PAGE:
An mongo-backed RESTful express route.

Usage no npm install needed!

<script type="module">
  import expressMongoRest from '';



Node.js package to create an express middleware for a mongo-backed, RESTful API

var express = require('express')
var expressMongoRest = require('express-mongo-rest')
var app = express()
app.use('/api/v1', expressMongoRest('mongodb://localhost:27017/mydb'))
var server = app.listen(3000, function () {
    console.log('Listening on Port', server.address().port)

The middleware is schema-agnostic, allowing any json document to be persisted and retrieved from mongo.

Route Method Notes
/:collection GET Search the collection (uses query-to-mongo)
/:collection POST Create a single document
/:collection PUT Method Not Allowed
/:collection PATCH Method Not Allowed
/:collection DELETE Remove all documents
/:collection/:id GET Retrieve a single document
/:collection/:id POST Method Not Allowed
/:collection/:id PUT Create or update a document
/:collection/:id PATCH Update fields in a document (uses jsonpatch-to-mongodb)
/:collection/:id DELETE Remove a single document


expressMongoRest(db, options)

Create an express middleware that implements a RESTful API.


  • envelope Return responses wrapped in a type envelope. This can be overriden per request by specifying an envelope query parameter.
  • singularize A function to change the collection name into it's singlur form (ie., 'users' becomes 'user'). Used when returning a envelope for a single instance. Default is inflection.singularize.


I wanted to make it extremely simple to start a mongo-backed rest server, so npm start starts one. The server.js script employs many best-practices for rest servers such as using https, gzip, and method overrides.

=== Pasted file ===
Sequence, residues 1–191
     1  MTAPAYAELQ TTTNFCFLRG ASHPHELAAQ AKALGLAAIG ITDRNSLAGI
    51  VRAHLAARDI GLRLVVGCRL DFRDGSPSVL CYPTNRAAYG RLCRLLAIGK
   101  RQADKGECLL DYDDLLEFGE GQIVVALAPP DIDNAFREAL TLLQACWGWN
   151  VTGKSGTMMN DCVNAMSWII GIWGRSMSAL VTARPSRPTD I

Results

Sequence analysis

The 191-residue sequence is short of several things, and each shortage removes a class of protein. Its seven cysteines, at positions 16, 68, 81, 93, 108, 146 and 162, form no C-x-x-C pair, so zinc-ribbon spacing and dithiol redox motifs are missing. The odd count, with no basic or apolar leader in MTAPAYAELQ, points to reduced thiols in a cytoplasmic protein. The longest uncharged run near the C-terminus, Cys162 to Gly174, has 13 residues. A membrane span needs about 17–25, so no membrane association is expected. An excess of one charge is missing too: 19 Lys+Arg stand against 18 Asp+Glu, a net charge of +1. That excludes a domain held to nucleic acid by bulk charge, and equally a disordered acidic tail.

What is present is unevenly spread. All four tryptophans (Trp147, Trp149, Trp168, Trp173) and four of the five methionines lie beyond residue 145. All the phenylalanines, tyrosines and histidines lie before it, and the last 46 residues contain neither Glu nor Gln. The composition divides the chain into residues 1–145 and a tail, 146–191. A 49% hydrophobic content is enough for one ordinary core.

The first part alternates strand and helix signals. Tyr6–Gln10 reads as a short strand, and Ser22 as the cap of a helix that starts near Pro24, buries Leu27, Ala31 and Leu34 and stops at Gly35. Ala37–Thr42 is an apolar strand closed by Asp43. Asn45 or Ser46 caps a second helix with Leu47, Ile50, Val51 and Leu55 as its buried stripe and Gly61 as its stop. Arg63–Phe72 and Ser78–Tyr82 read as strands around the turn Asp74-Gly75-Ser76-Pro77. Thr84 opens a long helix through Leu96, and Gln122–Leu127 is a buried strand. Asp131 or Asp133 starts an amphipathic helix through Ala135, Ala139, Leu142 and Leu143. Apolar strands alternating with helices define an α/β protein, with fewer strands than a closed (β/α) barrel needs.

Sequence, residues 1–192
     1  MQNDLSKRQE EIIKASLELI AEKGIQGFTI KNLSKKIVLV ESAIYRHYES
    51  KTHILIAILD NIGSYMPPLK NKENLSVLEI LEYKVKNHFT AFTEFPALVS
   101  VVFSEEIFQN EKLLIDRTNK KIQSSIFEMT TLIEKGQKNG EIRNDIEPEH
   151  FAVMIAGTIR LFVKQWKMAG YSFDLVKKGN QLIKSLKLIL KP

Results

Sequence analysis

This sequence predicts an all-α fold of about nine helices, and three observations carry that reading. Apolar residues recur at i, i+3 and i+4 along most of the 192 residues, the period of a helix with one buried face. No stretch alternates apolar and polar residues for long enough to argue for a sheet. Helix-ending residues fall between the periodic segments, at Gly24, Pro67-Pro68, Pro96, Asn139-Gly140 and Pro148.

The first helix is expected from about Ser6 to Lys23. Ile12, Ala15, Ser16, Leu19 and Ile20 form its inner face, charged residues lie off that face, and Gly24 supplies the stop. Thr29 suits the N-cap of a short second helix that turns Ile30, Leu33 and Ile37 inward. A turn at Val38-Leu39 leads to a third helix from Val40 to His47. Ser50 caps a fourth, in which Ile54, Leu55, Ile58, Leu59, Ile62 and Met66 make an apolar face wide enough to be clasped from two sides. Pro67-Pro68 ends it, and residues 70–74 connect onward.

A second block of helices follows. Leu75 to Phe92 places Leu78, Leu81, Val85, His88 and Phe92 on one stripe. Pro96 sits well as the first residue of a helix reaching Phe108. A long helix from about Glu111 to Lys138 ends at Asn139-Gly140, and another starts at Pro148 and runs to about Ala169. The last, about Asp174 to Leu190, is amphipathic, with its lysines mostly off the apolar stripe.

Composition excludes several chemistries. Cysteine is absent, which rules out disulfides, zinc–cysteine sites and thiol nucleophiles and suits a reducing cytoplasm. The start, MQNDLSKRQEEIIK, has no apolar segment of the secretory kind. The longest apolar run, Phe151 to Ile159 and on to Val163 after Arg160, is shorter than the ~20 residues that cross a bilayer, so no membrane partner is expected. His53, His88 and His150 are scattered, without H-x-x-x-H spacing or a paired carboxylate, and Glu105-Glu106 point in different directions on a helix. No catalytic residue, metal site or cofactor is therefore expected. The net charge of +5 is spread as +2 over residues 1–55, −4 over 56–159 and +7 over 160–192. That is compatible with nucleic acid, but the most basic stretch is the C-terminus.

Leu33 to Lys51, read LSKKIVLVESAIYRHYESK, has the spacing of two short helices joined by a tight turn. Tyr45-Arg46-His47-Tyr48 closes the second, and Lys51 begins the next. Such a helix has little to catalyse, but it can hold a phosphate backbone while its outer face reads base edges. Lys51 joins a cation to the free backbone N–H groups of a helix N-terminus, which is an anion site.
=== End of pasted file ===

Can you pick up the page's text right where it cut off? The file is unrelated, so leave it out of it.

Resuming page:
To quickly run a mongo instance, I like to use docker

docker run --rm -d --name mongo -p 27017:27017 mongo:latest

Then you'll need to connect and create the express-mongo-rest database.

docker exec -it mongo mongo
> use express-mongo-rest
> exit

You can configure the following options in the .env file (uses dotenv):

  • DB The url for the mongo database. Default is mongodb://localhost:27017/express-rest-mongo.
  • PORT The port to listen on. Default is 3000.
  • PFX Certificate, Private key and CA certficiates to use for SSL. Default is none.
  • KEY Private key to use for SSL. Default is none.
  • CERT Certificate, to use for SSL. Default is none. If neither of PFX or a KEY/CERT pair are specified, a self-sigend certificate and key is generated.

Querying documents

The query API (GET /:collection) uses a robust query syntax that interprets comparision operators (=, !=, >, <, >=, <=) in the query portion of the URL using query-to-mongo.

For example, the URL https://localhost/api/v1/users?firstName=John&age>=21 would search the users collection for any entries that have a firstName of "John" and an age greater than or equal to 21.

Patching documents

The patch document API (PATCH /:collection/:id) will update fields within a document. The API expects a JSON patch payload as defined in RFC 6902. The API uses jsonpatch-to-mongodb to interpret the patch.

An example patch using jQuery:

$.ajax('https://localhost/api/v1/users/2d0aa7b0-cf14-413e-9093-7bbba4f4b220', {
  method: 'PATCH',
  contentType: 'application/json',
  data: JSON.stringify([
    { op: 'replace', path: '/firstName', value: 'Johnathan' },
    { op: 'replace', path: '/age', value: 22 }
  success: function (data, status, xhr) {...},
  error: function (xhr, status, err) {...}